“Yah, I remember. But all I remembered was she always fell asleep and we poked her eyes to ask ‘what happens next?’” I said.
“That’s because you always ran into the yard and played under the sun as soon as Mom nodded off. You never sat still. Once you climbed a palm tree like a monkey. I was wailing under the tree because you wouldn’t wait for me. You then picked the fruits and ate them. Then you barfed and got very sick,” Noor said, laughing.
“I do remember I barfed but did I really climb the palm tree like a monkey?” I tried to recollect any trace of monkey in my blood.
“You did. You know how I like to go back to that day so I can climb up with you? I was crying and crying but you went so fast,” Noor made a face.
“Oh boy, sorry about that. Now tell me about the Clam Fairy!” It was my turn to beg her, forty some years later.
“Okay, there was once a poor young man living with his parents by the sea. His name I don’t recall. He was very kind to his parents who were old and sick. Everyday he went out fishing and gathering firewood to cook for his parents. One day at the beach he saw a sea gull pricking at a clam.”
“A huge clam you mean?” I asked.
“Whatever. The young man chased the sea gull away and put the clam back to the sea.”
“Why didn’t he take the clam home and cook it for a meal?” I asked again.
“I don’t know. That’s what Mom’s story went.” She rolled her eyes and continued, “When he went home that day, he found that someone had prepared the meal and cleaned the house already.”
“Interesting. Who did it?” I asked.
“It was the clam fairy. It turned out the clam he saved on the beach was a beautify clam fairy,” she said.
“And then what happened?” I asked her again, eager to know more of the story.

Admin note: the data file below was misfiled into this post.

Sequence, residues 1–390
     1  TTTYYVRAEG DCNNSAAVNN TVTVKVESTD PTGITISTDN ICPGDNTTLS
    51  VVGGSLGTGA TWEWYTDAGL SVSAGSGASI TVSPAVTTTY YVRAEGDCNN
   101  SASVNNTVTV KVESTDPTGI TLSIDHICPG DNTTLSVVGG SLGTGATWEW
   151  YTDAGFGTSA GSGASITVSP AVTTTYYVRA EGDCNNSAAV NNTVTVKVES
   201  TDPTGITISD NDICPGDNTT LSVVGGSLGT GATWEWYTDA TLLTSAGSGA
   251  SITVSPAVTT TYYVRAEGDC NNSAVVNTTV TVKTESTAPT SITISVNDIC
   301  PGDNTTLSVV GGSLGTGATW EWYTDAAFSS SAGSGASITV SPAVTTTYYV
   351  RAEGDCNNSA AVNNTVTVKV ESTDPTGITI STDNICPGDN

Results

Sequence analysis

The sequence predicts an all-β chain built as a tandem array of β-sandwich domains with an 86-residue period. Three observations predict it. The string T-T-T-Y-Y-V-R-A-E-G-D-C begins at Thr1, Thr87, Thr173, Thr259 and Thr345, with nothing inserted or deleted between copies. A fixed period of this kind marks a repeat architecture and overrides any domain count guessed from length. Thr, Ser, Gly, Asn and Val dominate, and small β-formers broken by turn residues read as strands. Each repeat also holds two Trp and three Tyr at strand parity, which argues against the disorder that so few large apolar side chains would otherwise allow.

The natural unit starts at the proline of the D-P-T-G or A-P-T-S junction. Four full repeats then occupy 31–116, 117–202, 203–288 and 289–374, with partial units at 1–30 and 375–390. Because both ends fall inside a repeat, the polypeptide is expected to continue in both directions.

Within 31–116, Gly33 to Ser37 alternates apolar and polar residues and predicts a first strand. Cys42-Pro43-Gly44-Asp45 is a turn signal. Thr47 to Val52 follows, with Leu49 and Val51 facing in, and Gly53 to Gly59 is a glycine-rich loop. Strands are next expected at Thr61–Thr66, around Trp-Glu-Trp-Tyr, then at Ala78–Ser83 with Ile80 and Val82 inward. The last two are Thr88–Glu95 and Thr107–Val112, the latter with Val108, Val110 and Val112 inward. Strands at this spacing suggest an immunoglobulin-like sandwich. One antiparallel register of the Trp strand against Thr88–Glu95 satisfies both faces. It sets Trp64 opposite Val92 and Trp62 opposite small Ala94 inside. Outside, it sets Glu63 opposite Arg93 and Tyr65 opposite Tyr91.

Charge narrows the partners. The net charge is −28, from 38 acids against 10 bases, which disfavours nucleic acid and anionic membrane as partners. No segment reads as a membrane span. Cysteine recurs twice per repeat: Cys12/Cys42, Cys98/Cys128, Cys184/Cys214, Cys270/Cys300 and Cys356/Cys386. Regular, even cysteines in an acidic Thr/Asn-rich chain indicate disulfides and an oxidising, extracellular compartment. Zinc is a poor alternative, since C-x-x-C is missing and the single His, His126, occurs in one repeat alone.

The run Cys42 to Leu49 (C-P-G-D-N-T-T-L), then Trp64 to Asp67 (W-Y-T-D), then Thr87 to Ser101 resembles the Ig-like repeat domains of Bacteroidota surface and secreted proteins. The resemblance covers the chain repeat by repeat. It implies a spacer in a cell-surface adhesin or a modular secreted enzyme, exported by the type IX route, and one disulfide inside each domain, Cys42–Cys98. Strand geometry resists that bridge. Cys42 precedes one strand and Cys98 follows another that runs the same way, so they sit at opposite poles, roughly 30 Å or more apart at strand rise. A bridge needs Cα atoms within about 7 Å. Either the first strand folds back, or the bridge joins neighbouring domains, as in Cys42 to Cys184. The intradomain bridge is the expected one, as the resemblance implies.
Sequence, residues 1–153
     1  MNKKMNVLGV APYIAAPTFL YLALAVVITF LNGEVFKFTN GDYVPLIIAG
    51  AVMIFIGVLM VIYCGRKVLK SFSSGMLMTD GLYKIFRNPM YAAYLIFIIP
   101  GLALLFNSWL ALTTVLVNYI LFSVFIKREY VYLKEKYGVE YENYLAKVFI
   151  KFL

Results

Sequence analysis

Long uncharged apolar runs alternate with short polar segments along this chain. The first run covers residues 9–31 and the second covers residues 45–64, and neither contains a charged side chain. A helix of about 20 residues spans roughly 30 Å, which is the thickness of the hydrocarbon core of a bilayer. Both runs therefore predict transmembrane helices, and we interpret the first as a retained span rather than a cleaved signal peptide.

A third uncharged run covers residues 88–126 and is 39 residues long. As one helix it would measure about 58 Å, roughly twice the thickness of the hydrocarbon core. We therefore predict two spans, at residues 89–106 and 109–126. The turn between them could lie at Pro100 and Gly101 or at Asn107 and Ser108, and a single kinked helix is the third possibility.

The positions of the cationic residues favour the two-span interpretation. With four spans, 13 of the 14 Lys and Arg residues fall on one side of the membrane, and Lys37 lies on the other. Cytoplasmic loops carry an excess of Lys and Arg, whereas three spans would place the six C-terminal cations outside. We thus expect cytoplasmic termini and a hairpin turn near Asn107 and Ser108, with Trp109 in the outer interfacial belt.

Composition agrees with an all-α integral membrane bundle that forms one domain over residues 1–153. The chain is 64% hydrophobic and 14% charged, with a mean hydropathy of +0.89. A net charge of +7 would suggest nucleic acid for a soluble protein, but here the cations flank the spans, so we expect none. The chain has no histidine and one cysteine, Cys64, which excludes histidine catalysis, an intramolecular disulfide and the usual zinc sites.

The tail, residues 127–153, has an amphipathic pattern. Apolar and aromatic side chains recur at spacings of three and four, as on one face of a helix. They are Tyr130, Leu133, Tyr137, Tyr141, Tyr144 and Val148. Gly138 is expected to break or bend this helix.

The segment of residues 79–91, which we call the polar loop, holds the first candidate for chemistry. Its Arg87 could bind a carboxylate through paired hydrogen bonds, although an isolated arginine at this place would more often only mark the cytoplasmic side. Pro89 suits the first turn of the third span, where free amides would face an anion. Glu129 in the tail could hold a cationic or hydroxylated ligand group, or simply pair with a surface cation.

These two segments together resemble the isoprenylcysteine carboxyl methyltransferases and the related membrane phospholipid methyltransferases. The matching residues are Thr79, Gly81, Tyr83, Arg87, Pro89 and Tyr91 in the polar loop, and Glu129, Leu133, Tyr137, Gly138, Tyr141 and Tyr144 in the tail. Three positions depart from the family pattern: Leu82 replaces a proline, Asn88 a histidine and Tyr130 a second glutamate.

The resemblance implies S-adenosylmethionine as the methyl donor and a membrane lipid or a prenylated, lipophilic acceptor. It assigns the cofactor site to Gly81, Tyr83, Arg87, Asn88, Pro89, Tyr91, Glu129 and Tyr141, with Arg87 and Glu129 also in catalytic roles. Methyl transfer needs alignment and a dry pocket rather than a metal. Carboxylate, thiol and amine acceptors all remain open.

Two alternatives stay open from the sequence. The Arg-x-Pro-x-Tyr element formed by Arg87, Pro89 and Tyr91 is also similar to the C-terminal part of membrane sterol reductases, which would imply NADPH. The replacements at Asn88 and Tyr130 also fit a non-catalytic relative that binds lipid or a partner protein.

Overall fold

“Then Mom fell asleep. That’s when we began to poke her eyes,” Noor sighed.
“Poor Mom. She was exhausted. Imagine doing all the chores by herself for the whole family of eight people,” I sighed too.
“I miss Mom so much. After she died, I was living with Dad In that old house. I could always sense that Mom was there. Sometimes I turned my head and tried to talk to her, but she was not there anymore,” Noor’s eyes began to moisten, “do you believe in ghosts? I sensed that she was there with us at church last Sunday.”
“ I did sense that she was there with us last Sunday, with the Holy Ghost, with God. I sensed she was singing off-keyed hymns, right beside us,” I said in a lowered voice.
“Yah. We all miss her,” Noor finished her Lean Cuisine and salad, “now do you have enough material to write your story?”
“I don’t know. I will try,” that’s as close as I could tell her.
“Why are you writing in English? Writing in Chinese will be a lot easier for you. I mean using our native language. Why do you always choose something hard to do?” Noor asked.
“Well, Dad told us to look for challenges so we can live fully, remember? And before Mom died, she told me I should write. Besides, I want to leave something for my son to read. He is illiterate in Chinese, you know,” there, I gave her all my secrets.
“That’s good. You have all your reasons. Now I’ll help you with the dishes,” Noor started to clean the table.
“Oh, don’t worry about the dishes. It’s one-thirty already. You better go back to work. I don’t want you lose your job for staying out late,” I then took the dishes to the sink.
“So I will call you tonight,” Noor said.
“Just leave a message if I am not in.” I never told her sometimes I ignored her calls because I needed to concentrate on reading or writing. She is so chatty that her phone calls would last three hours if I let her chat.
“Then I will see you at church Sunday morning,” Noor smiled and went out into the sun.
After I cleaned up the dishes. I sat down in front of the computer. I stretch my fingers on the keyboard and words just flowed out:
Once upon a time, there was a young man. His name
was Twuchuan*. Twuchuan and his parents lived in a little hut at a fishing
village on an island. Twuchuan’s father was blind and crippled from a fishing